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An open letter to Brandeis: stop censorship on your campus

A group of academics, celebrities and film industry officials has issued a letter to Brandeis University in response to its recent cancellation of a Lenny Bruce-inspired play on its campus.

The letter, signed by Bruce’s daughter, the Foundation for Individual Rights in Education, comedian Penn Jillette, and several other self-described “free speech advocates,” implores Brandeis to “reaffirm the principles of freedom of expression, inquiry, and debate upon which any institution of higher education must be based” and allow the play to take place.

“It is our understanding,” the letter-writers state, “that the play, ‘Buyer Beware,’ written by celebrated playwright and Brandeis alumnus Michael Weller, uses excerpts and ideas from Lenny Bruce’s routines as catalysts for a fictional debate about free speech on Brandeis’ campus.” Bruce’s comedy routines, the writers say, “has long been both controversial and groundbreaking,” so much so that Bruce was prosecuted and subject to numerous obscenity trials, a series of ordeals that left him “bankrupt and unable to work before dying in 1966 at the age of 40.”

“Today,” the letter states, “Bruce is revered as a champion of free speech and First Amendment principles — so much so that he was posthumously pardoned by New York Governor George Pataki in 2003. His life story serves as a cautionary tale of what happens when we censor artistic expression.”

From the letter:

Given this history, the undersigned are sensitive to the possibility that Bruce’s words may again be censored. Our unease is amplified by the fact that such censorship may occur at Brandeis University, named after the staunch free speech advocate and United States Supreme Court Justice Louis Brandeis. Our concern is all the greater insofar as the university is the institutional custodian of the Lenny Bruce archives and much of Bruce’s legacy.

A 2004 box set of Bruce’s comedy was titled “Let the Buyer Beware.” Perhaps not coincidentally, “Buyer Beware” is also the title of Weller’s play. Surely when Brandeis accepted the responsibility of preserving Bruce’s archives within its library, it well understood the risks associated with doing so — caveat emptor — and tacitly, if not explicitly, agreed that it would spare Bruce the injustice of committing or enabling his posthumous censorship.

In a statement responding to the cancellation of the fall production of “Buyer Beware,” Brandeis announced that “faculty members considered the challenging issues [the play] raised” and decided that more time was needed to produce the play “appropriately.” The statement goes on to relinquish the university’s responsibility for the play’s subsequent cessation by foisting responsibility upon Weller, who did not approve of this more “appropriate” production, which subsequent reports indicate was not even presented to him. According to a statement from the Dramatists Guild of America and the Dramatists Legal Defense Fund, Weller “has heard only indirectly about the possibility of doing it at ‘a 60-seat black box theatre in Watertown that has some lights, and a budget for one or two professional actors.’”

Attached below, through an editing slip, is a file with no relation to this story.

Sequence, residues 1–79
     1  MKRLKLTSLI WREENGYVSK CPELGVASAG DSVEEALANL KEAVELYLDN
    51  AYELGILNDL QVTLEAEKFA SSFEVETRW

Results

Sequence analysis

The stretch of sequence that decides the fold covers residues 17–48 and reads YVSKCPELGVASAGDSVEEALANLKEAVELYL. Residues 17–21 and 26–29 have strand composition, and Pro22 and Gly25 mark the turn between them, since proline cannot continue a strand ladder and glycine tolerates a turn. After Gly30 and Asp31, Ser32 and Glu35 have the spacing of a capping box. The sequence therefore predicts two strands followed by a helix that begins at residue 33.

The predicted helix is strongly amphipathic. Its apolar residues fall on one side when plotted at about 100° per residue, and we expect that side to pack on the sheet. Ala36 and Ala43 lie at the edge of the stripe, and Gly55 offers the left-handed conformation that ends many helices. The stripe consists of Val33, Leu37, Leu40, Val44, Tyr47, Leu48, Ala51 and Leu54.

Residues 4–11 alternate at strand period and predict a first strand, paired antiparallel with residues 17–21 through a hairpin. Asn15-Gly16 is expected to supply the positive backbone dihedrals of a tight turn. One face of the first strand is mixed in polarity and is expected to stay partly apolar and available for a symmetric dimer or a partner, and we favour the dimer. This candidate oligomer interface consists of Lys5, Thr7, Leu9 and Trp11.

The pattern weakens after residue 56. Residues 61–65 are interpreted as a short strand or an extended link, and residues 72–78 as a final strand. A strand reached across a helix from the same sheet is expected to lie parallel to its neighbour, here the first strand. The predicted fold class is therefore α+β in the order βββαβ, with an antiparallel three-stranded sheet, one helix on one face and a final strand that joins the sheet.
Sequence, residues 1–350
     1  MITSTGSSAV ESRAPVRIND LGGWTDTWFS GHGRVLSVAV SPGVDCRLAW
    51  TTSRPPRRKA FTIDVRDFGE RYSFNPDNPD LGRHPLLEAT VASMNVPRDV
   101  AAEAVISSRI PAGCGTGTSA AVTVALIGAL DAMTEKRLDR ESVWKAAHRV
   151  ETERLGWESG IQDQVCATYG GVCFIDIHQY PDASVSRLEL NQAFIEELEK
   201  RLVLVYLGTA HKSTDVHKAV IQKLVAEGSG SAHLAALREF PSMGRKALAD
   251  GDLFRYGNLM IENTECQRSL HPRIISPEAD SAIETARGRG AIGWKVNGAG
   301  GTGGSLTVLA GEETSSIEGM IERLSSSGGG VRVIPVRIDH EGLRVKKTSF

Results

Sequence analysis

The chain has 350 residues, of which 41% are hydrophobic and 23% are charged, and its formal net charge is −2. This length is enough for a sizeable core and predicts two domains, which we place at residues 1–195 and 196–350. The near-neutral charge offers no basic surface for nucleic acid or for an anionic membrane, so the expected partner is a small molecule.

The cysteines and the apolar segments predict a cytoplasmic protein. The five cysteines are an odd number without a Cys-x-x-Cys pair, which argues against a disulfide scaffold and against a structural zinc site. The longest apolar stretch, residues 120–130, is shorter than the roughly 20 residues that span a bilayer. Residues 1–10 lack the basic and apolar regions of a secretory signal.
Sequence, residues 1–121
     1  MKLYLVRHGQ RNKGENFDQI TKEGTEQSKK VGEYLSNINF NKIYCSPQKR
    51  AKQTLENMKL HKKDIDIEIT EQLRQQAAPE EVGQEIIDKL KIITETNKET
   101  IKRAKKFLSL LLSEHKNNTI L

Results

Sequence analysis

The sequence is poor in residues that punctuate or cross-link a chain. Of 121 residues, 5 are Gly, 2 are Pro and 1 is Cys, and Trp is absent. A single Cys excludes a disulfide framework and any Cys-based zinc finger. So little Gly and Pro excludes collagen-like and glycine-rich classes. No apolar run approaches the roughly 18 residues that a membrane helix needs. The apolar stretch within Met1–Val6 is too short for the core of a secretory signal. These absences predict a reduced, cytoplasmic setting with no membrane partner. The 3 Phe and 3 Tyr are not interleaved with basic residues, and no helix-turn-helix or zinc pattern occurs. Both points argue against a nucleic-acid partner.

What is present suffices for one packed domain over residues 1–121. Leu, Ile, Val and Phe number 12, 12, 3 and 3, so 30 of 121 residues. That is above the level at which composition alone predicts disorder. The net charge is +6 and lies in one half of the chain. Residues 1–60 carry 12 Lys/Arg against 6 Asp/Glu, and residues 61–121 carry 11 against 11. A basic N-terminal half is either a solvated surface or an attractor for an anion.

Numerous reports indicate that the decision to forestall the planned production of “Buyer Beware” comes amid a concerted effort by some Brandeis students and alumni to cancel the play. The campaign was allegedly led by a Brandeis alumna, who reportedly admitted to having never read the play’s script, yet claimed that it “is an overtly racist play and will be harmful to the student population if staged.” Scholars of Bruce’s life know well that attempts at prior restraint are insidious and beget more censorship. Indeed, after Bruce was first prosecuted in one court, additional prosecutions soon followed. “Don’t lock up these 6,000 words,” Bruce pleaded to one New York City judge during a court hearing.

“What material, exactly, did the university consider too ‘challenging’ for its students and faculty?” the writers ask. “And why, when an agreement could not be reached with Weller to find a more ‘appropriate’ setting for the play, did the university decide not to stage the production as intended, and instead defaulted to functionally censoring the ‘challenging’ material instead of openly engaging with it?”

“We call upon Brandeis University to answer these questions in a manner consistent with the principles of freedom of speech to which the university claims to commit itself,” the letter states, “principles that are integral components of Lenny Bruce’s and Louis Brandeis’ legacies.”

Read the whole letter here.

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